By nature, humans are wired for connection. We seek out others to share our lives with, with the goal of forming lasting and intimate bonds. So feeling trapped or abandoned in an intimate relationship shouldn’t be a common thing, should it? Actually, these experiences are common for partners who wind up repeating cycles within intimate relationships that they may be unaware of. Feeling trapped or abandoned are commonly seen in the push-pull dynamic found in unhealthy relationships; both styles often represent two sides of the same coin.
Engulfment and Abandonment Defined
Fear of being engulfed, or trapped, is often indicated as feeling smothered, or in losing one’s autonomy within the relationship. People who report feeling trapped may try controlling their partner through hostile withdrawal, emotional indifference, cheating or otherwise punishing the partner, up to and including, abandoning them.
Fear of being abandoned is often indicated as being afraid to be alone, or fearing being left behind or forgotten. Those who report feelings of abandonment or perceived abandonment may use desperate measures (self-harm, alcohol or drug use, etc.) to prevent being abandoned, which often reinforces the very abandonment they fear. With this type of relationship dynamic, each partner is feeding into the other partner’s biggest fears, often at the expense of unraveling the relationship. It is common to see both partners vacillate between the two dynamics, and potentially strengthening a traumatic bond between them.
Some may seek out emotionally unavailable relationships or settle for a shallow or unfulfilling relationship because it is seen as “safe.” However, emotionally void or shallow relationships lack the very emotional intensity and dramatic flair that these personalities crave, leaving them feeling bored and aloof, and looking to find a way out of the relationship. In time, a cycle replays where feeling engulfed (trapped) or abandoned within the relationship resurfaces. Partners who were once put on a pedestal may now find themselves being devalued, held to unreasonable standards or unappreciated. For example, a partner may express that the person they’re now with is not the same person they started dating. Idealized relationships or the “The Grass is Greener Syndrome” are commonly reported, keeping them feeling trapped or fearing abandonment.
Feeling trapped or fearing abandonment has its origins in insecure attachment styles, early life trauma, PTSD, personality, and unhealthy habit formation. These push-pull dynamics are often blamed on the partner with little accountability for one’s own patterns replaying within the relationship. However, because of a lack of object constancy, projective identification or splitting, intimacy and closeness within relationships triggers feeling trapped or feeling abandoned; the resulting behavior is to abandon the relationship to prevent themselves from being abandoned.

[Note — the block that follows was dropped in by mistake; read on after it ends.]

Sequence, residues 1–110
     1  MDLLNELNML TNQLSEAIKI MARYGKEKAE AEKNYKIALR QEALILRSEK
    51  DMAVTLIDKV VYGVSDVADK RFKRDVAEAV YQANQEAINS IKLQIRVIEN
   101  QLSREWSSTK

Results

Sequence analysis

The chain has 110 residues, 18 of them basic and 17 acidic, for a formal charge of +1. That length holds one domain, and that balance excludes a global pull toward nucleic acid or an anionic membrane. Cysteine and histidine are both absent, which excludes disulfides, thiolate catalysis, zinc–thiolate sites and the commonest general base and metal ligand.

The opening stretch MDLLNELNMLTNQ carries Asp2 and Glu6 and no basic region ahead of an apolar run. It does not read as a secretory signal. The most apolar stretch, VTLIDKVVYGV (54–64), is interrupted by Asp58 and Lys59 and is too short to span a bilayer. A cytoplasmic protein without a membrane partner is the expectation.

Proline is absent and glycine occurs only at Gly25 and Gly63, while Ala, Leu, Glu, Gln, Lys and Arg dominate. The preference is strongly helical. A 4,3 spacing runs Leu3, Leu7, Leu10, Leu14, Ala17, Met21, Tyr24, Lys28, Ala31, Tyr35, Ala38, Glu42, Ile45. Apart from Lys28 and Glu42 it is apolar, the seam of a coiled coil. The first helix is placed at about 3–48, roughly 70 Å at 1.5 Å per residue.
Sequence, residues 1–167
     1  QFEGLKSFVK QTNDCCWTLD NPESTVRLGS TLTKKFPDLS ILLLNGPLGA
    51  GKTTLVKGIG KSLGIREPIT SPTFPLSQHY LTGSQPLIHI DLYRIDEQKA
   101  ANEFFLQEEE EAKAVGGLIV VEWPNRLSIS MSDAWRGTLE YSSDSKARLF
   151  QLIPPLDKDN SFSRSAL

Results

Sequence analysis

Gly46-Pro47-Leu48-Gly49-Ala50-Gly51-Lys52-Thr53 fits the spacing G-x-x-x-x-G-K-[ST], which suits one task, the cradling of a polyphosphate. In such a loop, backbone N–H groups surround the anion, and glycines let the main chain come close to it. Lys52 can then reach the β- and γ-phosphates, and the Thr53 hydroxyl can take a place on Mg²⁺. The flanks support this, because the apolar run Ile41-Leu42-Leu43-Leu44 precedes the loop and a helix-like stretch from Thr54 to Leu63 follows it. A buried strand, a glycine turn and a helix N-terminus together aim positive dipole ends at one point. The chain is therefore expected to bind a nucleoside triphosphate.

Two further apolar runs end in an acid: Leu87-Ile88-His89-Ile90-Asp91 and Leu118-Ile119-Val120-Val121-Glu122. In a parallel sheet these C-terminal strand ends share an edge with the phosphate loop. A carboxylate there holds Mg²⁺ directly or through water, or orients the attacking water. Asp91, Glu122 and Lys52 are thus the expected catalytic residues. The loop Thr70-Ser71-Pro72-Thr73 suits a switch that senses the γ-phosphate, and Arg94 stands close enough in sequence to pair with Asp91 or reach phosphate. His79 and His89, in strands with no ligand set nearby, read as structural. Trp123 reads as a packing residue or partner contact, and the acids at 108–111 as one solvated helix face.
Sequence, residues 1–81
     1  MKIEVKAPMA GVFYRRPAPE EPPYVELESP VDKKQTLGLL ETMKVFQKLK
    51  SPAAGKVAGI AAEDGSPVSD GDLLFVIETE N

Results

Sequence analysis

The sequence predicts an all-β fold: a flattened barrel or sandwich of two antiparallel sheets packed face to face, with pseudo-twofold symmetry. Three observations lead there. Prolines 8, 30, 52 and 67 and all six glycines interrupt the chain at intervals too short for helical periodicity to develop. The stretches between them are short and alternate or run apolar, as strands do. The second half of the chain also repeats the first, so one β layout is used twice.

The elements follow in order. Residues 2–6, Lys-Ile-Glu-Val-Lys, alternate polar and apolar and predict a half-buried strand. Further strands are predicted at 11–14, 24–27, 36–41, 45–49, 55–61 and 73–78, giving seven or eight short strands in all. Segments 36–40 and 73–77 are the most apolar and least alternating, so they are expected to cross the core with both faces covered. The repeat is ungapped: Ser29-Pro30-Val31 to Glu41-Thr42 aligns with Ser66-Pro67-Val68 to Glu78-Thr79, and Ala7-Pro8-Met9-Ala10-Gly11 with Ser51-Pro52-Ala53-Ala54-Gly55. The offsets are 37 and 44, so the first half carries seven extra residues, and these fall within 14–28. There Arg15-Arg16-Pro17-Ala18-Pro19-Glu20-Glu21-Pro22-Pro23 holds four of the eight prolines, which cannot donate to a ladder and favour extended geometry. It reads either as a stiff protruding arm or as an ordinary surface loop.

Signs of Feeling Engulfed or Abandoned
Many times, a history of feeling trapped or abandoned in relationships is met with these key symptoms:
- Fear of being alone or can’t be alone with themselves.
- Confuses being alone with feelings of loneliness.
- “Chasing” or “Running” from relationships; cyclic relationships.
- Constantly distracted; a need to be busy all the time.
- Idealization and devaluation of partner.
- Denying or rationalizing a partner’s behavior.
- Unable to ask for personal space when needed.
- Seeks shallow or impersonal relationships to prevent being alone.
- Boredom or disillusionment in relationships.
- Feeling trapped or unable to leave the relationship.
- Emotional volatility or emotional numbness.
- Self-identity tied into the relationship or relationship roles.
- Traumatic bonding within the relationship.
- Feelings of emptiness, loneliness or indifference.
- Cycles often repeat within relationships.
Stopping the Cycle
Getting out of the relationship is often your healthiest choice to focus on your personal goals and healing. If a partner is unwilling to address their own improvement goals, the relationship will continue the push-pull dynamic.
Take time to be alone and address core issues. Recognize the differences between being alone and feeling lonely in increasing awareness and in establishing a healthy sense of self. Work with a therapist who specializes in relationship dynamics and self-empowerment who can help create healthy habits and individual goals in fostering personal growth.
Pervin,T., & Eren, N. (2019). Psychodynamic formulation in borderline personality disorder: a case study. Psychiatric Nursing, 10(4), 309 – 316.
Toplu-Demirtas, E., et al. (2018). Attachment insecurity and restrictive engulfment in college student relationships: the mediating role of relationship satisfaction. Journal of Aggression, Conflict and Peace Research, 11(1), 24 – 37.